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One state bucking the housing affordability trend

By Tim Neary
4

The easing of property prices in one Australian state puts it in a unique position with home buyers, according to its peak real estate body, making home ownership more accessible now than it has been in the last 10 years.

Home ownership is still accessible in Western Australia, according to REIWA, supported in large part by the Barnett government’s transfer duty exemptions for first home buyers paying up to $430,000.

According to REIWA’s latest industry findings, Perth’s first home buyer market recorded healthy activity levels in the June 2016 quarter, with the bulk of sales transactions occurring in the $350,000 to $550,000 price bracket.

Equally, it also found an improved affordability across both houses and units in the same period.

Perth’s preliminary median house price fell 1.4 per cent to $522,500 in the three months to June, while the median unit price dropped a full 6.9 per cent to $406,000 from the revised March quarter median of $436,000.

“With the bulk of transactions occurring in Perth’s lower quartile, it’s not surprising that house and unit medians have come in lower over the quarter,” REIWA president Hayden Groves said.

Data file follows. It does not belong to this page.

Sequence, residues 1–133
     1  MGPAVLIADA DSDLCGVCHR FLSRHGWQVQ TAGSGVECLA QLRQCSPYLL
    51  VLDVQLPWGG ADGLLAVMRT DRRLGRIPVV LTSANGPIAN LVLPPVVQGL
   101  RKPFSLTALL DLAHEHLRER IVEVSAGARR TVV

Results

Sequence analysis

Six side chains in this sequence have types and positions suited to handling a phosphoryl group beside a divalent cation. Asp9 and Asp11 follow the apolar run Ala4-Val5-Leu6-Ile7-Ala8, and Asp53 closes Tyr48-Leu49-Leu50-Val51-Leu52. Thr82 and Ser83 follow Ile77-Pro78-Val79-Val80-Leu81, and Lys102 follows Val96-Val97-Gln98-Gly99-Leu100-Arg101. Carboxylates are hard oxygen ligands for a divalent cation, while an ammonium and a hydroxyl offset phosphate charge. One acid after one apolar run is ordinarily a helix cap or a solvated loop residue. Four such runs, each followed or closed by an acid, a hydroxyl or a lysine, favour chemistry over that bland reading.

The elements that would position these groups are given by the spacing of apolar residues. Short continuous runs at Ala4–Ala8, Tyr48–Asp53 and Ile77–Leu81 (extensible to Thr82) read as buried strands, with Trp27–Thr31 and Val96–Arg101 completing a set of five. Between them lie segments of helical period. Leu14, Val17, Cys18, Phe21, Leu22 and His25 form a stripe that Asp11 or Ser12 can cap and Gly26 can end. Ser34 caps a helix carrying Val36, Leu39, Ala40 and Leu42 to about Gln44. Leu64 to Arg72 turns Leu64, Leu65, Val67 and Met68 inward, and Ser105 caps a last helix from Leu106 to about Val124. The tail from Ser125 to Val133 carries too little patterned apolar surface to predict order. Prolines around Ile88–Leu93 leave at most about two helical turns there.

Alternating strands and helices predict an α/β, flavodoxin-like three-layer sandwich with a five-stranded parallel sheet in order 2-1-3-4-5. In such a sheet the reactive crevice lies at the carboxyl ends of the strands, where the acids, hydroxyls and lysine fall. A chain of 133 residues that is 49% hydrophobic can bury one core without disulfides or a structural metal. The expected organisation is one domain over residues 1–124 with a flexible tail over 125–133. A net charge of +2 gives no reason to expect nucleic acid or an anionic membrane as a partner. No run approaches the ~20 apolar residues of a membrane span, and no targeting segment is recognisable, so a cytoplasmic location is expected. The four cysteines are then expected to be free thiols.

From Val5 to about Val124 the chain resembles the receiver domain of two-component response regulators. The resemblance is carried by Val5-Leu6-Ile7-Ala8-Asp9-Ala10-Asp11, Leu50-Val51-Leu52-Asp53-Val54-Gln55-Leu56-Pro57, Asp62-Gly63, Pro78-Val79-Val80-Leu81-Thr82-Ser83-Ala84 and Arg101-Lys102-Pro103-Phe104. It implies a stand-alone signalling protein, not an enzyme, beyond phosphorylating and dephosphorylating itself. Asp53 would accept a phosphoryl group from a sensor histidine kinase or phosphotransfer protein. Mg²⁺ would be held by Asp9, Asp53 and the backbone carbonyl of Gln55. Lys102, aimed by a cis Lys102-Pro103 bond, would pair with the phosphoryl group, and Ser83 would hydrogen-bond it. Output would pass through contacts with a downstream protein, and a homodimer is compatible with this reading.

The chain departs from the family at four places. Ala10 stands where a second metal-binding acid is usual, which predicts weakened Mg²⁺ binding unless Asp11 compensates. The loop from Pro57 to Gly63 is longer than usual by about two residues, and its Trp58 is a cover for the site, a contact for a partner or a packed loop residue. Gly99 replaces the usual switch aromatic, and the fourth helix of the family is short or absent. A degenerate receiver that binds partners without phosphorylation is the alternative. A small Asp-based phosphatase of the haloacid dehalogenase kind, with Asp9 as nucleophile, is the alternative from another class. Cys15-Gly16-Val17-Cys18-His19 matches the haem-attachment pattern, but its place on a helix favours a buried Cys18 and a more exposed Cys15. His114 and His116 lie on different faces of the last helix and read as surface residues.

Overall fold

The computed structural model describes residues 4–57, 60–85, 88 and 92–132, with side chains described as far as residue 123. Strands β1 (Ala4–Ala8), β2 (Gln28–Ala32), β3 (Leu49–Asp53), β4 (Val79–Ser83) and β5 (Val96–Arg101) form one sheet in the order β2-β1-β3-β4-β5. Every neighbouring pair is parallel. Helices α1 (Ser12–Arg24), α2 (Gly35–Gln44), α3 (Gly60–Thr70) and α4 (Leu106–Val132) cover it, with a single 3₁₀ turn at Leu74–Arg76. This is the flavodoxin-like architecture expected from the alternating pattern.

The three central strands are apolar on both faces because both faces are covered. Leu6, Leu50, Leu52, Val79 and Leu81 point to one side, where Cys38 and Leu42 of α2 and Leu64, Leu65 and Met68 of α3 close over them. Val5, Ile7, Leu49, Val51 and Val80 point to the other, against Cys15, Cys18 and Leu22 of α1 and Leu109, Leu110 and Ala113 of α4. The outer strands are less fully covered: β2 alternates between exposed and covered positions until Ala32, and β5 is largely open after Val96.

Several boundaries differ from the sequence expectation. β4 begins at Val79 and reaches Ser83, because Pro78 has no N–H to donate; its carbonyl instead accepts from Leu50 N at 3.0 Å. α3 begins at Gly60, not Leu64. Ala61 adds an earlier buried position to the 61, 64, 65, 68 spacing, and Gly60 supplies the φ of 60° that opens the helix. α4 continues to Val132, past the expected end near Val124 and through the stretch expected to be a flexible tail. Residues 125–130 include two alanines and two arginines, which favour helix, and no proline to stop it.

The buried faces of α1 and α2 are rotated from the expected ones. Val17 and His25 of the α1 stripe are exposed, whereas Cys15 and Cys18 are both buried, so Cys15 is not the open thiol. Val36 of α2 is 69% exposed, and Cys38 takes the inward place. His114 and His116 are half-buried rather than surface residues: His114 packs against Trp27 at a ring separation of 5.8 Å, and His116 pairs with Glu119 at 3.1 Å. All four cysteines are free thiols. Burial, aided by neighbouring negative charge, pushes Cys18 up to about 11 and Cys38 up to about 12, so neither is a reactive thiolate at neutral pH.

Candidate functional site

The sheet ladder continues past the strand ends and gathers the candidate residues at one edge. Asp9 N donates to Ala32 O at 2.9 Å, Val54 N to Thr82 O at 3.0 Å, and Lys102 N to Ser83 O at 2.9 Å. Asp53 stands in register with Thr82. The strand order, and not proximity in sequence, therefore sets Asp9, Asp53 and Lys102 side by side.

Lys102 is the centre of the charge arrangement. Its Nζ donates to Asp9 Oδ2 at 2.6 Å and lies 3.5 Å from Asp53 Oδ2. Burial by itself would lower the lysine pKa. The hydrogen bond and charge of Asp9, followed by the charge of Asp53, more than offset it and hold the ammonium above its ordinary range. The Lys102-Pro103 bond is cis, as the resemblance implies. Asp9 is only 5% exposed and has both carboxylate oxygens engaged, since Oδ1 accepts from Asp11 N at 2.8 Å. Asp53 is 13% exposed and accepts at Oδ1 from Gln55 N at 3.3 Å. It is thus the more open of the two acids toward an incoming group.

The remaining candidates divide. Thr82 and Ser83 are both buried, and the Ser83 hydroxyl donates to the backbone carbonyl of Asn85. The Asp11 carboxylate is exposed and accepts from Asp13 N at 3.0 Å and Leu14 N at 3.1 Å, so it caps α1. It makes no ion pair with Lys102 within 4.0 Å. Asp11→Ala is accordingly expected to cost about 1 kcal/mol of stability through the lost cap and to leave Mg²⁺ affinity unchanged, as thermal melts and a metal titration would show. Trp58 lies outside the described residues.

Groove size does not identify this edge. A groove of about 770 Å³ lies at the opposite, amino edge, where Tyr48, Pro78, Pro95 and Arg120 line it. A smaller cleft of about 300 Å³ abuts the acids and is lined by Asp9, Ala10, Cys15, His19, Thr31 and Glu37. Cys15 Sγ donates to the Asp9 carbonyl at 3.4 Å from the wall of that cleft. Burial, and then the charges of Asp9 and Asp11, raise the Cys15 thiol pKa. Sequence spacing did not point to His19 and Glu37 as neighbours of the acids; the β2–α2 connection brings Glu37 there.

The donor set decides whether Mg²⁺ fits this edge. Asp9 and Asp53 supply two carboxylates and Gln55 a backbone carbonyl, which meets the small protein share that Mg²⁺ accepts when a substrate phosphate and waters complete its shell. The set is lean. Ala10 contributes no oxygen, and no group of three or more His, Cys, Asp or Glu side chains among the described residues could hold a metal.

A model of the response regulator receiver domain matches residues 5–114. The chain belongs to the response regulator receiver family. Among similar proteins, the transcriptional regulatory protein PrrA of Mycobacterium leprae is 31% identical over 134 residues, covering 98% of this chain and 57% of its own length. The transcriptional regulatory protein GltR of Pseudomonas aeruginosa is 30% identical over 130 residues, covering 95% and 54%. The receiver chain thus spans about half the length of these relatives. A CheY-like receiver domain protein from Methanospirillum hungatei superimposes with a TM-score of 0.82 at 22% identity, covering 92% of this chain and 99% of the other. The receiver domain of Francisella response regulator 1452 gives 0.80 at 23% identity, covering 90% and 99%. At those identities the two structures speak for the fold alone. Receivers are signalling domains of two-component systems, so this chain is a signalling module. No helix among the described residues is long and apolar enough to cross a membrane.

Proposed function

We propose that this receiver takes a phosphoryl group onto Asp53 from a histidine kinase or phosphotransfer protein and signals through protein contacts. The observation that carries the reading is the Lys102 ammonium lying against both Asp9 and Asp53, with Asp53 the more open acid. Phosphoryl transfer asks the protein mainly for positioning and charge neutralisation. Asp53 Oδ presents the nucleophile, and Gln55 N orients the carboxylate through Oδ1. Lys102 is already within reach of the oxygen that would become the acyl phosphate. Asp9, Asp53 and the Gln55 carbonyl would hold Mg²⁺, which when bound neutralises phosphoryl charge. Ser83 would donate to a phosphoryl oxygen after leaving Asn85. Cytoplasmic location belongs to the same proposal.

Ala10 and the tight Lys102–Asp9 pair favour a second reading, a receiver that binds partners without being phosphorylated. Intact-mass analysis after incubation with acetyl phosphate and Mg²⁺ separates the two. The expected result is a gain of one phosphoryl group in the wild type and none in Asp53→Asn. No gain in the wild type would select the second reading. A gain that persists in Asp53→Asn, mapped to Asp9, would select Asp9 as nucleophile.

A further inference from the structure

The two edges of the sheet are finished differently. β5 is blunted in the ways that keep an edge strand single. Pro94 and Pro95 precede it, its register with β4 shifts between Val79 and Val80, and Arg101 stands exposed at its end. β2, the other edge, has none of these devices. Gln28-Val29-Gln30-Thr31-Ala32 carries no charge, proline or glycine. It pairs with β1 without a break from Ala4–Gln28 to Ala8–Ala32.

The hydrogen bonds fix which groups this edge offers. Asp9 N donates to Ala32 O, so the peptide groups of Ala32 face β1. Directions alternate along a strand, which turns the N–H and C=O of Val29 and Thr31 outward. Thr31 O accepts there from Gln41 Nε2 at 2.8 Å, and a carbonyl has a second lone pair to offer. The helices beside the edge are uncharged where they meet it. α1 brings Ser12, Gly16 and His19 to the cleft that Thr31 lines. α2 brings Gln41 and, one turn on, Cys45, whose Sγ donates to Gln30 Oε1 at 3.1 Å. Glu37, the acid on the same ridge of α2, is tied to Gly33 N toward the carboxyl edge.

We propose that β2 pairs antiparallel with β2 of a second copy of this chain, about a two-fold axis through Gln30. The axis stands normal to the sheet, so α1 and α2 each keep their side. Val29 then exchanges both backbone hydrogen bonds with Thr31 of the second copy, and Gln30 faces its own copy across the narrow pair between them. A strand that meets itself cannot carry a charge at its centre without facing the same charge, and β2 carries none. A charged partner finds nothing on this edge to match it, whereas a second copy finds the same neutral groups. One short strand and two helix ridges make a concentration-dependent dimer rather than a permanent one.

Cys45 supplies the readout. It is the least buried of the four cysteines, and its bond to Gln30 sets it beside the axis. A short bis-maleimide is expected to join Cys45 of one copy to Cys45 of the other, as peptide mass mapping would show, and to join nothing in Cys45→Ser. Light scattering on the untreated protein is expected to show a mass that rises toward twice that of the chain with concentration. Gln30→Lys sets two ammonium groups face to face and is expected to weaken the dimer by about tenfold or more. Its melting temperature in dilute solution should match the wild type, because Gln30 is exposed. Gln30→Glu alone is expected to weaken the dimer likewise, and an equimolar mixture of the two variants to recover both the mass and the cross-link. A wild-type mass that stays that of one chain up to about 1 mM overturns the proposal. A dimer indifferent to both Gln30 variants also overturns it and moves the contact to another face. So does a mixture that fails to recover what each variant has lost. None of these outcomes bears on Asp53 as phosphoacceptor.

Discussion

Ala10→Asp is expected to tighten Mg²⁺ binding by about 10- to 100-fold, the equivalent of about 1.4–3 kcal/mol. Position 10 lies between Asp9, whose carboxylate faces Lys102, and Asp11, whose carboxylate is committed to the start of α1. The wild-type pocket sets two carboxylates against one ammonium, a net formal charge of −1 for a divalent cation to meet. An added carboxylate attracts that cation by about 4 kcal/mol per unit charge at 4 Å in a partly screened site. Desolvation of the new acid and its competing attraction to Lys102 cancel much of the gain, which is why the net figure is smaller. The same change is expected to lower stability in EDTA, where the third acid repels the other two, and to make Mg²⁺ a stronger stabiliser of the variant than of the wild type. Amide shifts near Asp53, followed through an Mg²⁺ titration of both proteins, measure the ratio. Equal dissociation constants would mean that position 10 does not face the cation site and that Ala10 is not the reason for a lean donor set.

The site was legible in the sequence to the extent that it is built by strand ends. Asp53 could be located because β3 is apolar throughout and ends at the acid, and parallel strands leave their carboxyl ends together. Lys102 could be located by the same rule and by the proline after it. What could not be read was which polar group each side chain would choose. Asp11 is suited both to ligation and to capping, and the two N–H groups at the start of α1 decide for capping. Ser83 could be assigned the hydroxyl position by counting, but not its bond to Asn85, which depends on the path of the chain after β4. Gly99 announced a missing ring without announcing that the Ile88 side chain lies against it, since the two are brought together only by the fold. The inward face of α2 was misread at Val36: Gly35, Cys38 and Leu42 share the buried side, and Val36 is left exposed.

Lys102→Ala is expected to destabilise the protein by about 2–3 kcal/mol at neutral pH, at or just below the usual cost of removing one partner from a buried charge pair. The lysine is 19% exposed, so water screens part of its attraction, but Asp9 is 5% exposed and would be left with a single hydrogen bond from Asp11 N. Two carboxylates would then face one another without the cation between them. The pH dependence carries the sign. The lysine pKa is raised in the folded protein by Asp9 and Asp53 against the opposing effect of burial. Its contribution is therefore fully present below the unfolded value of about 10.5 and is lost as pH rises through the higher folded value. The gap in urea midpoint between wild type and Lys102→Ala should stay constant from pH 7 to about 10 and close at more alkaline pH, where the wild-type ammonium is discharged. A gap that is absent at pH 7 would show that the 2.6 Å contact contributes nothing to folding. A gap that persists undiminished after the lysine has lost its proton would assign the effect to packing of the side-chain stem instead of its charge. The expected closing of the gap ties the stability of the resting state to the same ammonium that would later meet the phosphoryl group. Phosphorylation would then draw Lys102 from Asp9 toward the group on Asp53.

The industry body also found a significant decline in listing volumes in the June quarter, with the number of properties for sale in the metro area dropping 7.3 per cent to 14,159, from 15,269 in the March quarter.

“While home buyers and investors can be choosy in this market, it’s pleasing to see signs of stability, with listing numbers declining in the three months to June,” Mr Groves said.

Preliminary sales volumes for the state came in at 5,858 for the three months to June.

Also, days on market were two fewer in the June quarter, with the days on market average reducing to 64.

And, indicating sellers are better understanding market conditions, the number of vendors having to discount asking prices has reduced: “Homes that are priced correctly for the market from the start are selling quicker,” said Mr Groves.

However, he acknowledged “some challenges” for Perth’s rental market.

Listings for rent exceeded 11,000 in the June quarter, and leasing activity declined five per cent.

“It is apparent those vendors not able to reach their desired selling outcome have now chosen to list their property for rent, a circumstance attributing to the increase in rental stocks this quarter,” Mr Groves said.

This has resulted in downward pressure on rent prices.

House and unit median rent prices dropped $10 each over the quarter to $395 and $365 per week respectively.

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